Any time we log in to socials, we should be cognizant of the information we're willing to reveal and how for-profit actors could use that personal data. Sharing our time, tastes, and feedback with online communities is what draws us to the apps, but it’s easy to “overspend” your seemingly limitless personal data in exchange for entertainment. The TikTok application is unlike its contemporaries because its information-gathering technology is steps ahead and much more powerful. That information is primarily used to tailor the user’s feed and promote engagement with targeted advertisements.
As clients begin to recognize and prepare against the threat of ransomware attacks, one tricky question keeps coming up. Is paying a ransom “illegal yet?”. No company is champing at the bit to make unplanned payments, especially not to potential terrorists on the OFAC list, but the legality of the matter depends on a few factors. *Please note that ProCircular does not provide legal advice, rather, we disseminate guidance from the top legal authorities.
As a cybersecurity professional and business owner, I keep a close eye on the everchanging recommendations surrounding ransomware attacks and incident management. I found the following document to be one of the more up-to-date (at least by government standards) and straightforward pieces available on the topic. Here's the short version:
“In the context of hostage-taking, for example, DOJ clarified in 2015 that it “has never used the material support statute to prosecute a hostage’s family or friends for paying a ransom for the safe return of their loved one.”67
Basically, there is a low likelihood of prosecution for making ransom payments, even when it is paid to a known threat actor on the OFAC denied persons list. I would only expect to see legal action taken if a very large company went through with the payment while it was expressly illegal. Even then, the punishment would be intended to make an example rather than punish the victim.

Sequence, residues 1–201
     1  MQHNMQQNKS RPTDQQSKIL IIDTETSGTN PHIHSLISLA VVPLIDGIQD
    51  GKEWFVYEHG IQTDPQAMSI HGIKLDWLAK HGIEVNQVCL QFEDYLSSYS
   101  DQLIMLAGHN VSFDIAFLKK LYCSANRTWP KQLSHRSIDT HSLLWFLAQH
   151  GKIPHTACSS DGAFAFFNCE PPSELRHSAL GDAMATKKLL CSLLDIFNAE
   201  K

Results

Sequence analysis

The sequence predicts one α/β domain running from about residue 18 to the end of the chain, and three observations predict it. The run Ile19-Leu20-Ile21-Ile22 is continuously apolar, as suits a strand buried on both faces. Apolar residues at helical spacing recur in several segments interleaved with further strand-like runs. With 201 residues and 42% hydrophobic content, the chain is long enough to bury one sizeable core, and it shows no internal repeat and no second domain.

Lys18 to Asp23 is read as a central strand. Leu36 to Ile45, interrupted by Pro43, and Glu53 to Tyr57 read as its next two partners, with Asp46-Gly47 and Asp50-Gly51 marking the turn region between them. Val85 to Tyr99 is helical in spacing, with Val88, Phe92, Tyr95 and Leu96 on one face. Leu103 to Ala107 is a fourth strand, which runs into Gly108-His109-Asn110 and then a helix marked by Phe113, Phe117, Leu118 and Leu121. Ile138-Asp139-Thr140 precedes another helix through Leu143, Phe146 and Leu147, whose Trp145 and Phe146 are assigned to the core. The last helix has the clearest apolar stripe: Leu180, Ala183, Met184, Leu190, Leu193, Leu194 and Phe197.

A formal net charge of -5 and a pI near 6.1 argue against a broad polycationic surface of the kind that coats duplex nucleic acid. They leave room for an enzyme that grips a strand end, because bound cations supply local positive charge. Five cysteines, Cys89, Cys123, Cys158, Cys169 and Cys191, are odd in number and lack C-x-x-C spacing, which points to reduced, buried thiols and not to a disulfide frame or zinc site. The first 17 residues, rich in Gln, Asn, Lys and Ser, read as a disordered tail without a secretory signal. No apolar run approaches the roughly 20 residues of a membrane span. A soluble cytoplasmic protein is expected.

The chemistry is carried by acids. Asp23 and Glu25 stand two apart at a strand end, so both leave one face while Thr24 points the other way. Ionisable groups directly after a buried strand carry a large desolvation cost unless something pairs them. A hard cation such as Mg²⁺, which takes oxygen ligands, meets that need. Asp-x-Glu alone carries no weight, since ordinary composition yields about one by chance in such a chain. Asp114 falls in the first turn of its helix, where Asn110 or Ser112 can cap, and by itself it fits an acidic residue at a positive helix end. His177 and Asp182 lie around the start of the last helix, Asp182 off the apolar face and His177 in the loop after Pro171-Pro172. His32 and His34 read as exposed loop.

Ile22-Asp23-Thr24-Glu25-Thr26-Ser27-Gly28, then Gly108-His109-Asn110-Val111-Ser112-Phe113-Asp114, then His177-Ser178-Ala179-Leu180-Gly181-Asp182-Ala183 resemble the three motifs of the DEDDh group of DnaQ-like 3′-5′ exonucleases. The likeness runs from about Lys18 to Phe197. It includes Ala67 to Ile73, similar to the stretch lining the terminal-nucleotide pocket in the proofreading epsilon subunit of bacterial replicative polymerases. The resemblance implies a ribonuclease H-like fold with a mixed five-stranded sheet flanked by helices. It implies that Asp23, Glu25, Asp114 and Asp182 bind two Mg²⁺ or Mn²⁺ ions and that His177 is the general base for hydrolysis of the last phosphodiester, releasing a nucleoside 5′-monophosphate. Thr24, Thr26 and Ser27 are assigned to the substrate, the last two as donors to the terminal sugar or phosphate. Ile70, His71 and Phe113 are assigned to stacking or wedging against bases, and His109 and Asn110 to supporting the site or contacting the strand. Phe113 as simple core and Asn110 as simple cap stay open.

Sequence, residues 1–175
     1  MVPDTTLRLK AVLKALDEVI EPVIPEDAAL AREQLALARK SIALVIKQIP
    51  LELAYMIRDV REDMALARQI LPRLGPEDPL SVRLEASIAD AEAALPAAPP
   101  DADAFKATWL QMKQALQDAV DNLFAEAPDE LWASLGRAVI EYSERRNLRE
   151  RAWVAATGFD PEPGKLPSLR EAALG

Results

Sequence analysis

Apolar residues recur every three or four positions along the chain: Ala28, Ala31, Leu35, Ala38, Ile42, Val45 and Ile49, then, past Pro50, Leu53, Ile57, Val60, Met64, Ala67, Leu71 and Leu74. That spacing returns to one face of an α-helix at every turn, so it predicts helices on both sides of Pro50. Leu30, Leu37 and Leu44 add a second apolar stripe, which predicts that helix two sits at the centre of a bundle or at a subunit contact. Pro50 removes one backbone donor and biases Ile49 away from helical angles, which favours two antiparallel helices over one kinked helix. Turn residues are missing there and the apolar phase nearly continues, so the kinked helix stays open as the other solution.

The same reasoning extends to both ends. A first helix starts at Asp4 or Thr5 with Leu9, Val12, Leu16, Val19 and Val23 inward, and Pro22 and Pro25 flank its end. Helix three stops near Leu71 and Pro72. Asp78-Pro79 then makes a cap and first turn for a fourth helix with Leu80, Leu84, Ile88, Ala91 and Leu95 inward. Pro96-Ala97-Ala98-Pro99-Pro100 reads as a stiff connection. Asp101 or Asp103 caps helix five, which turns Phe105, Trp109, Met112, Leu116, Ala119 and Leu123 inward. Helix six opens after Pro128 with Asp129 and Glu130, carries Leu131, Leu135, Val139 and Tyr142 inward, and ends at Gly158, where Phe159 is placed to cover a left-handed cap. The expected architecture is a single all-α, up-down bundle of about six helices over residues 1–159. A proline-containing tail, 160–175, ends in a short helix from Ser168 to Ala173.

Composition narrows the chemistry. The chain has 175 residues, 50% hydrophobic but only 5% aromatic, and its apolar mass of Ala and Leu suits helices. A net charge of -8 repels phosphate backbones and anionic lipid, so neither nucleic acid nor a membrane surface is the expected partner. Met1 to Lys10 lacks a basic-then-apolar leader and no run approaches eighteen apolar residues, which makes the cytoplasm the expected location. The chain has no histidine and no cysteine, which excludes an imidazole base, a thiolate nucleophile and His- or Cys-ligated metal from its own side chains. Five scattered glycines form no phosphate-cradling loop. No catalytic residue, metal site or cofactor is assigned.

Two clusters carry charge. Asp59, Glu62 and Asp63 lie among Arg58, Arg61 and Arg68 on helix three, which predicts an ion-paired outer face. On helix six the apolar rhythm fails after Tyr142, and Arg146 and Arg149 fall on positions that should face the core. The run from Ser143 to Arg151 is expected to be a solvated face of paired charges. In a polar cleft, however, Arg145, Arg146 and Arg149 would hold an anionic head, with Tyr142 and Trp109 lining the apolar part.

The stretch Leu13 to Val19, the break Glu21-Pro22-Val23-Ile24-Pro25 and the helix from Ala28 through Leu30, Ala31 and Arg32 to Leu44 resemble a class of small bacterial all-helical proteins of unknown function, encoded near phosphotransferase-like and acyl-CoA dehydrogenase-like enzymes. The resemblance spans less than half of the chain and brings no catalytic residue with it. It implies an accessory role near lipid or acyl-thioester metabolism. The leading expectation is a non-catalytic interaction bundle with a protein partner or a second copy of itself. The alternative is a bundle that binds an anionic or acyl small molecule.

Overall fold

When Peter Drucker produced his seminal work, “What Makes an Effective Executive,” in the Harvard Business Review (Drucker, June, 2004), he may not have been writing with cybersecurity in mind. In fact, in 2004, the cybersecurity world had only begun to appear as the many-headed beast it’s become since then. Nonetheless, this text is an excellent guide for executives about incident response and breach management.
Technical Innovation Increases Cybersecurity Risk
New technologies help revolutionize all industries and the way they conduct business. Simultaneously, it increases blind spots that commonly open the door for exploitation by cybercriminals. As technical innovation rises exponentially, so too will the associated cybersecurity risk. New applications of AI are emerging on both the offensive and defensive side of the coin. AI can be trained to detect sophisticated threats and other anomalous activities, which help reduce the time from infection to detection; however, attackers will also continue to leverage this to their advantage. There are other examples: 5G, the continued fracturing of the xAAS into smaller and smaller constellations of services, and the embedding of increasingly complex technology into the human body. These innovations all create cybersecurity risks that will need to be addressed.
Zoom has been a big name in the headlines lately, mainly due to the world’s newfound dependence on, and perhaps obsession with, the platform. As global business is forced to move online, Zoom has become one of the most commonly chosen video conferencing platforms. It’s easy to use, simple to roll out, and the company has provided free and low-cost licenses to both public and private organizations.